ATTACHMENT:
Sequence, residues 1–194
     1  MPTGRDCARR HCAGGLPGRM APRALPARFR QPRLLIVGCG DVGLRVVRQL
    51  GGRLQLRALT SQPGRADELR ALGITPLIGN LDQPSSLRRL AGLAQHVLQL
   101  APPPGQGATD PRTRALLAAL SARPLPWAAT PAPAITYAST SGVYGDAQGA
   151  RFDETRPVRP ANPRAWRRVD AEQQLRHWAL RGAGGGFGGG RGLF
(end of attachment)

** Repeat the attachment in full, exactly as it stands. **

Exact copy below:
Sequence, residues 1–194
     1  MPTGRDCARR HCAGGLPGRM APRALPARFR QPRLLIVGCG DVGLRVVRQL
    51  GGRLQLRALT SQPGRADELR ALGITPLIGN LDQPSSLRRL AGLAQHVLQL
   101  APPPGQGATD PRTRALLAAL SARPLPWAAT PAPAITYAST SGVYGDAQGA
   151  RFDETRPVRP ANPRAWRRVD AEQQLRHWAL RGAGGGFGGG RGLF